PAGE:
We can all agree that traveling abroad comes with a steep price tag. That is why saving up a huge amount of money is a top financial priority when globetrotting. However, most travelers forget a couple of money moves that are as equally important, like ensuring you’re not going to waste money on foreign transaction fees.

If you’re anticipating a trip overseas, here are 8 smart financial moves you should do beforehand.

1. Educate yourself about the cost of living

Let’s suppose you have 10 US dollars. That could land you a decent bowl of authentic ramen in Tokyo, Japan, a fast-food combo meal for one in Paris, France, or a budget dinner near a Parramatta accommodation in Sydney, Australia. That same amount, however, could feed a family of four in other countries.

Knowing the prices of food, transportation, hotel accommodation costs, and other expenses you’ll be faced with is critical to planning how to stretch your dollar. Review your destination’s currency and cost of living at least 4 weeks before your departure, and know whether your currency is strong or not.

2. Know more about the exchange rates

You need to familiarize yourself with the exchange rates and rules prior to leaving home.

If you’re coming from the U.S. to Australia, make sure you’re not confused with the difference of the US dollar and Australian dollar. If you’re traveling to Europe, you may be surprised that not all countries take the euro.

If you didn’t do your research, you may resort to buying currency on your arrival or comply with their strict rules on what they’ll accept.

3. Exchange currency ahead of time – not at the airport

Once you land onto your destination, you’ll surely want to get to your hotel ASAP and have some local cash ready to pay for a taxi or bus fare. That said, having some of the local currency prior to arriving at your destination is one smart move.

Converting currency at the airport, however, is not. Next, to long lines and further delays, you’re less likely to get a good exchange rate here.

Before leaving your hometown, make sure to have some of your money converted to international currency already. Compare rates among legitimate money changing kiosks, banks, and credit unions, and find the best deal.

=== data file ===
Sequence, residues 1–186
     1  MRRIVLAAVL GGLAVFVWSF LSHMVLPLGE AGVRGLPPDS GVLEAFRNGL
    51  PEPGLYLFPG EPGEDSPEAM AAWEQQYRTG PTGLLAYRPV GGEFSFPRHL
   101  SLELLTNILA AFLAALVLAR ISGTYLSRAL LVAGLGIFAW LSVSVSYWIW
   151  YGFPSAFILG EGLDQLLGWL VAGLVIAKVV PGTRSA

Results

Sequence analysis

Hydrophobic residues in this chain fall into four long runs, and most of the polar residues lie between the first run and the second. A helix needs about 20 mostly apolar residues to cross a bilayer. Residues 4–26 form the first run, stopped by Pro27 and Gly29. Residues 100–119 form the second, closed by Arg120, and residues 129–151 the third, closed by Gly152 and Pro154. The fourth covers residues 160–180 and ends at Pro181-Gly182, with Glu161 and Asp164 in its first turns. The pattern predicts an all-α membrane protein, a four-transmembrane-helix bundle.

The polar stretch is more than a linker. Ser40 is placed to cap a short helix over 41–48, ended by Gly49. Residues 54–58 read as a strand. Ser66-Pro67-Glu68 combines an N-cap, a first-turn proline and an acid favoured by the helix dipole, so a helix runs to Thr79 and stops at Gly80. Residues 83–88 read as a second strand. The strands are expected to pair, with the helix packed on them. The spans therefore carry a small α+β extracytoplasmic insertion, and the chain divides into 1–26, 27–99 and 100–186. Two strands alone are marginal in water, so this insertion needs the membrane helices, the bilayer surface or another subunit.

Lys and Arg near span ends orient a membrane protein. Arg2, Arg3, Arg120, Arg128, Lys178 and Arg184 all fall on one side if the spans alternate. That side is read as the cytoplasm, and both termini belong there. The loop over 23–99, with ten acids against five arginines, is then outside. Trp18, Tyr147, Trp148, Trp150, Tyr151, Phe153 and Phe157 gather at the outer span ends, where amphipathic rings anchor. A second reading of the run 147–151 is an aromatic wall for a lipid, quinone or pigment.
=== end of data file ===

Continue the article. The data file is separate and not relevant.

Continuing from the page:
4. Choose travel-friendly credit cards

Don’t you just hate paying extra fees which could’ve been spent on a good deal?

If you’re traveling, you may be required to pay foreign transaction fees, a.k.a. the charges levied on credit card purchases made abroad. They’re normally around 2-4% of your purchases. Such pointless costs put a dent on your wallet over time, especially if you’re making big payments for hotel accommodation, tours, and dinners on your trip.

Fortunately, you can skip such fees by signing up for a credit card that doesn’t charge foreign transaction fees.

5. Find out how much it’ll cost to use your ATM card abroad

If you didn’t have the time to exchange currency, you have another option: wait until you arrive and get local currency out of the ATM. However, make sure you’re aware of the fees you’ll be charged for making a foreign transaction.

If you travel often, consider opening a bank account that provides ATM usage with little to no fees. You can get a debit card that doesn’t charge foreign transaction fees or one that doesn’t charge fees for using ATMs from other banks.

6. Set up automatic payments for bills

Will you be gone for a long amount of time? What would happen to your fixed financial responsibilities, like credit card payments, car loans, mortgages, insurance premiums, and utilities? Think about setting up automatic payments.

Before leaving, do a quick assessment of all the direct deposits and automatic withdrawals that will take place while you’re gone. Ensure your account balance doesn’t go negative. Taking this step will help you prevent late charges and suspended services should your bill comes due.

7. Let your bank know about your travel plans

Before traveling abroad, decide which debit and credit cards you’ll be using and make sure to notify your bank about your travel. Let your bank know where you’re going and how long you’ll be gone.

This way, the charges, and withdrawals you make while you’re out of the country won’t be identified as suspicious. The last thing you want is for them to freeze your account since they think your cards are on a thief’s hand.

9. Ensure you’re insured

Unfortunate events, like getting injured and robbed abroad, are inevitable. Travel insurance offers you peace of mind when you travel abroad – it covers anything from medical expenses and theft of belongings, to travel inconveniences like canceled trips.

If you have existing insurance, you may also review its policies before taking off to see what’s covered in case of an emergency.

Author Bio: Mina Natividad is a lifestyle writer for Holiday Inn Parramatta Hotel, a green and family-friendly hotel, delivering top-class Parramatta accommodation in the heart of Western Sydney.Writing articles about travel, food, and lifestyle is one thing she finds enjoyable, next to petting her cat.

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